Parent spy software launched
Cape Town - Parents who are concerned about their children being exposed to cyber bullying or sexting can use cellphones to check up on them.
Verb Innovations has launched My Mobile Watchdog in SA. According to the company, the software is aimed at parents of young children who may be exposed to cyber bullying or sex predators online.
"The growing number of young children involved in practices of 'sexting' and 'cyber bullying' is alarming, as well as the use of social media applications by sexual predators to make contact with our children online has drastically amplified the need to monitor our children's cellphone communications," Verb Innovations director Gareth Miller told News24.
"Parents currently control what their children can view on satellite television and the internet accessed via the home PC, however until now there has been no effective way to monitor the "mobile generation's" first choice of cyber communication," he added.
Editor of Parent24, Adele Hamilton, cautioned that parents should be aware of the problems like sexting, but warned that parents themselves should be aware of the online environment.
"But for most of us, our own ignorance is the worst barrier to dealing with the issues. Ideally as parents we would be on Mxit and other social networks, see what the environment is like, and initiate frank discussion with our children about the possible dangers," she said.
The software will retail for R89 per month and Miller said that parents would be able to register four children. He also said that, to comply with legal requirements, the software could not run in "stealth mode", where children were unaware of it.
"The child will receive a notification message every 24 hours or every time he switches his phone on, warning him of the fact that the phone is being monitored. This warning message means that the software cannot be considered spyware, making it legal," he said.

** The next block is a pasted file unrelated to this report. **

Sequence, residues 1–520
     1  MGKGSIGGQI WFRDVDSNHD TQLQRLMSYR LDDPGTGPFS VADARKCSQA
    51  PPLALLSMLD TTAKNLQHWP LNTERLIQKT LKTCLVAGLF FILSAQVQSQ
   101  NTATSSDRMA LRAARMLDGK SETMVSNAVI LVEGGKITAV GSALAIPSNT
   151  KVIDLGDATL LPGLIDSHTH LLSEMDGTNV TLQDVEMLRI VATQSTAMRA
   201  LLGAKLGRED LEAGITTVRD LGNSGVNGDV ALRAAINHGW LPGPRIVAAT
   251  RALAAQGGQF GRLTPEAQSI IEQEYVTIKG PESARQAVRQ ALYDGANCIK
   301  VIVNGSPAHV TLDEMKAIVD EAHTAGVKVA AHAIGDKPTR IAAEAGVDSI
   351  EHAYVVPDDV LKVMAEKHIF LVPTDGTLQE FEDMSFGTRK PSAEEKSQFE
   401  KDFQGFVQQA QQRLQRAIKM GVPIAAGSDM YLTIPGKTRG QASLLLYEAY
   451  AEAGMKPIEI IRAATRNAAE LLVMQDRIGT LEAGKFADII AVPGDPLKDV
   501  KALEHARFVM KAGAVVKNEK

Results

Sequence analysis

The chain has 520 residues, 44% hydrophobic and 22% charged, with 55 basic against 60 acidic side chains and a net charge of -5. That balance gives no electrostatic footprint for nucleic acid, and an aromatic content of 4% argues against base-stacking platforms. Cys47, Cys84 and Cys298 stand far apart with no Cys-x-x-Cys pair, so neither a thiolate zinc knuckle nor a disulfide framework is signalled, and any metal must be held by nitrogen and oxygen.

To accommodate local conditions, Miller added that "unapproved contacts" would be sent a notification that the phone was being monitored by the software and this would eliminate instances of cyber bullying.
Hamilton, though, said that smart phones were not the kind of device that young children should have.
"We should also be careful to allow age appropriate access: a six-year-old does not need a cellphone. Where there has been an issue of cellphone misuse, monitoring software like this might be useful, but the regular monthly cost might put people off," she said.
While acknowledging the problem of cyber bullying, Matthew Buckland, CEO of Memeburn.com said that he prefers old-fashioned techniques.
"Cyber bullying is a big problem, and it's one that should be taken seriously by schools and parents. It's up to parents to decide which approach is better to combat it. I prefer education and instruction, rather than software that spies on my children," he said.
Buckland questioned whether the software would hit the target market as most of the youth used basic phones to access instant message services such as MXit.
Miller said that there were checks and balances in place to ensure that children were not abused, but that people who called from a private or unknown number would not be revealed by the software.
"The law in South Africa states that people have the right to hide behind a private number and My Mobile Watchdog respects this, should a child be harassed by someone hiding behind a private number his parents will still have to make use of the legal route to subpoena the phone records and number from the Networks," he said.
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